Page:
We had the good fortune of connecting with Caryn Ruby and we’ve shared our conversation below.
Hi Caryn, do you have some perspective or insight you can share with us on the question of when someone should give up versus when they should keep going?
I really like this question because I think it’s something that a lot of us struggle with. For a long time, it was hard for me to even admit to myself – let alone the world – that I was an actor. It’s scary going after your dreams! Especially when there are no guarantees of “success” and it’s just so much easier to get a “normal job” and not go for it at all. And then add to that all the rejection? You really have to be determined to keep going! I think a lot of people don’t want to talk about the struggle, they want to believe you just get discovered and then have a career – but that’s not reality. You have to do all the work and make things happen on your own – and that takes time. And a lot of “no”s.
There’s a saying that goes something like, “if you can do anything else besides a career in this industry, you should do that” and believe me, I tried! I’ve had plenty of “day jobs” over the years that I could’ve settled into, earned a decent living… if only they made me happy. The thing is, if nothing else makes you happy, you have to keep going! For me, even though it felt like I quit a number of times, I never really gave up, I just changed directions. Added new skillsets. Pivoted.
Put another way: “if at first you don’t succeed, try, try again.”
When I had a full-time day job and pursued acting at night and on weekends, I was mentioned in Backstage West for my performance as the comedic relief in a serious play, which helped me embrace my talent for comedy. So, I followed that path and traded acting classes for comedy classes. After graduating from The Second City Conservatory and The Groundlings, I “quit” acting to focus on creating my own content. Honestly, it was a huge relief to not be so stressed trying to leave work in the middle of the day to fight LA traffic to audition for uninspiring roles in low budget films and commercials for products I would never use.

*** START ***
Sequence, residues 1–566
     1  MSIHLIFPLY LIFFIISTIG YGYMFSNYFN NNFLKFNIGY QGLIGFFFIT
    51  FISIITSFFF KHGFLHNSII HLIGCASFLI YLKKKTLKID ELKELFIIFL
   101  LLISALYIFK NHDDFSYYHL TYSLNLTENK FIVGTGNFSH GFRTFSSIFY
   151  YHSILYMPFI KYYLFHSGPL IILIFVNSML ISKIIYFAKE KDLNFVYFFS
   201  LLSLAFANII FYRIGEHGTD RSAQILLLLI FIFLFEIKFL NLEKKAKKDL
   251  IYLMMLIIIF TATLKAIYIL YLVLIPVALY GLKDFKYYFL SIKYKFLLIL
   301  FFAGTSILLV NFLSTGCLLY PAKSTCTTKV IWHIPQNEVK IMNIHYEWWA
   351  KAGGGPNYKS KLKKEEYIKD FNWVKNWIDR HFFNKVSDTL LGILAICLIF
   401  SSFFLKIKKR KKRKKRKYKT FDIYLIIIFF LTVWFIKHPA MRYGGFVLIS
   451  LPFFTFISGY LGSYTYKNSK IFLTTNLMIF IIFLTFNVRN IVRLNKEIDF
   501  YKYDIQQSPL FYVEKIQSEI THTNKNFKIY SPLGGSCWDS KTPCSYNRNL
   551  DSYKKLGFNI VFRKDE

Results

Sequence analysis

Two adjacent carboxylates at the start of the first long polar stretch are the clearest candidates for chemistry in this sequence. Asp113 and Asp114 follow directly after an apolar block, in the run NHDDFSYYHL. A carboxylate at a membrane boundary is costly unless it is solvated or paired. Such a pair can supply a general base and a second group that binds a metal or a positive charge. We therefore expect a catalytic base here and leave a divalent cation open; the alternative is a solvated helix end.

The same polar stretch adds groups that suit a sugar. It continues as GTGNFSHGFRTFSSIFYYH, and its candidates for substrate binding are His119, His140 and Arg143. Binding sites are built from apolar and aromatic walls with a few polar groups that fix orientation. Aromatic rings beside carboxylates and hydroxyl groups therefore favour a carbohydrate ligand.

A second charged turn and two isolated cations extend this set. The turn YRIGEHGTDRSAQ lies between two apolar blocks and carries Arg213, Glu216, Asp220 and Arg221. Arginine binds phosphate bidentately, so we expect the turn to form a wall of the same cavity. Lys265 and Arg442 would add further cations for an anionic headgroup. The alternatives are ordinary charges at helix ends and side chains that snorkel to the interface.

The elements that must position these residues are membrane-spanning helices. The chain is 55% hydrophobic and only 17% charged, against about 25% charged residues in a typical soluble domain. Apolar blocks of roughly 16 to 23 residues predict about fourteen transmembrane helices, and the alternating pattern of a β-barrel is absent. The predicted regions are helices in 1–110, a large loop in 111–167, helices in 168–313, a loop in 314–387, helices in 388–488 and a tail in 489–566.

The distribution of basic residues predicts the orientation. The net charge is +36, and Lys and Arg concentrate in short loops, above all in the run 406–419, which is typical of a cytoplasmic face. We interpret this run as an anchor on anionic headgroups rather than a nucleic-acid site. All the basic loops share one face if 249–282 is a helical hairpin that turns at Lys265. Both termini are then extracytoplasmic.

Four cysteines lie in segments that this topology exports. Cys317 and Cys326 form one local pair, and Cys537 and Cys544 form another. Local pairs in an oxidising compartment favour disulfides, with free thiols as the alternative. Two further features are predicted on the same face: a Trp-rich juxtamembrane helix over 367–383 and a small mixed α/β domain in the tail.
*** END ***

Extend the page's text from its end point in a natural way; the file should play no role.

After spending quite a bit of money making videos that I’m still super proud of, multiple live sketch shows and tours that only lead to a few “close calls,” it became challenging to keep a talented troupe together without a TV deal or a trust fund! But by then I was kind of addicted to the exhilaration of being on stage and making people laugh night after night, plus I really enjoyed the art of crafting jokes so I found an easy “pivot” to stand-up. I spent the next 6 years almost exclusively focused on that grind, and eventually toured across the country as a “feature act” and headlined the House of Blues Foundation Room in Chicago.
It was a big deal for me to achieve all the goals I had set with stand-up, but I knew I didn’t want to be a “road comic” for very long. I really missed the collaborative process of creating a show, so I decided my next big goal was to be a writer in a comedy writer’s room. In order to do that I felt it was necessary to “quit” stand-up for at least a while to focus on creating my half-hour writing samples and enrolled in some writing classes.